You will play the game, and victory will be yours if you can grab it. Neither game pulls its punches. They're both trying to get you killed, but neither is unfair. Both games have a set difficulty. There's no difficulty modifiers in the options. If the game is "too hard" for you you can just stop playing. They games are not here to hold your hand. You're not automatically entitled to see the ending just because you paid for the game.
Zelda 1 is superior in the free-roaming aspect though. Dark Souls allows for some measure of free roaming, but it's mostly an illusion. There's a couple of places you can go to "out-of-sequence", but Anor Londo is locked off untill you ring both bells of awakening, and you have to go through a fortress that was previously closed to get to Anor Londo. There's a few instances where you can choose which route to take to get to a place, and there's more than a handful of places you NEVER have to go to in order to beat the game, but sheer curiosity will see most players going to every location.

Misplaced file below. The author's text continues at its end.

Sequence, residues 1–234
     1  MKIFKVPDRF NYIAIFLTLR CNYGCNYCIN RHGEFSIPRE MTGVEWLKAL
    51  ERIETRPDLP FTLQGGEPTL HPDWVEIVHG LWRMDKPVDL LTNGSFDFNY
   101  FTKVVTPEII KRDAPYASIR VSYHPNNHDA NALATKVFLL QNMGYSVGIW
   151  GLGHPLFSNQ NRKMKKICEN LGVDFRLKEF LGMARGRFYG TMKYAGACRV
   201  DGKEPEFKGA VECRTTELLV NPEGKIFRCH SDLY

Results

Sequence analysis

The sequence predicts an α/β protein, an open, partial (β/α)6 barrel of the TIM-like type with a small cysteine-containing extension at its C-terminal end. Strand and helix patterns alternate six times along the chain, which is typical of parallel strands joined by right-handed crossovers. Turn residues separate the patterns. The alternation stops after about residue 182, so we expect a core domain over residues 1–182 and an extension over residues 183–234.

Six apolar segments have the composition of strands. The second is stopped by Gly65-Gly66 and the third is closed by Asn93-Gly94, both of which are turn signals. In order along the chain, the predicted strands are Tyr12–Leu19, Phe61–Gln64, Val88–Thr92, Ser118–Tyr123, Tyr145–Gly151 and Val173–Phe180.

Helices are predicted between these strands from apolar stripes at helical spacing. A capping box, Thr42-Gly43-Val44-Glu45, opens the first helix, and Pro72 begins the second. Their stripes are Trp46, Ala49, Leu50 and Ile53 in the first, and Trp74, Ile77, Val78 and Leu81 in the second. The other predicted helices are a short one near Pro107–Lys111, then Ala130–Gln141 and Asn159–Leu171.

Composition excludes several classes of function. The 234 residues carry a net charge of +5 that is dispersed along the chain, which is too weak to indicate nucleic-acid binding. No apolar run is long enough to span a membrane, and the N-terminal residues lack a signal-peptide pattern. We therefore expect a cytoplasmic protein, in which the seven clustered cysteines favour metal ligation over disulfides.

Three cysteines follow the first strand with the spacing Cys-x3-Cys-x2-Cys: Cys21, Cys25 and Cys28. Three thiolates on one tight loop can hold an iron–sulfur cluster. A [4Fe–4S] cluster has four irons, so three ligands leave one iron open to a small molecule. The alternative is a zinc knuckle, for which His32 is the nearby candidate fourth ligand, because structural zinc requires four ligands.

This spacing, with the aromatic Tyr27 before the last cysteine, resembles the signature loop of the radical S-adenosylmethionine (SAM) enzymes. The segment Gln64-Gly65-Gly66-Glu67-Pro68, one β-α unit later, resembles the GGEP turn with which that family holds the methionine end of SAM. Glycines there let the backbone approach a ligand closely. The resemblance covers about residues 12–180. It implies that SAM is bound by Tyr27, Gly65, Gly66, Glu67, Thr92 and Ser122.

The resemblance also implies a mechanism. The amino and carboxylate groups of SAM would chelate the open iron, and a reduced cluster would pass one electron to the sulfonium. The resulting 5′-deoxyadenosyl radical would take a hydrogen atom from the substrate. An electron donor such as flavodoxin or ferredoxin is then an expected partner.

The problem with modern gaming is gamer entitlement issues. Now I don't mean this in the sense of mass effect. Where a dying company produces two craptacular games to capitalize on the success of the first game, consistently pulling a bait-and-switch on the fans of the series by moving further away from the elements of the first game that got people into it just for the sole sake of grabbing more of Call of Duty's audience whose only interests are SHOOT DEM ALIENS and PUT MY DICK IN EVERYTHING. After promising players that their choices would have consequences, then having the gall to turn the ending into a CHOOSE ONE OF THREE COLORS FOR THE EXPLOSION BEFORE CREDITS ROLL button choice. And then accusing gamers of being entitled when they cry foul of your bullshit.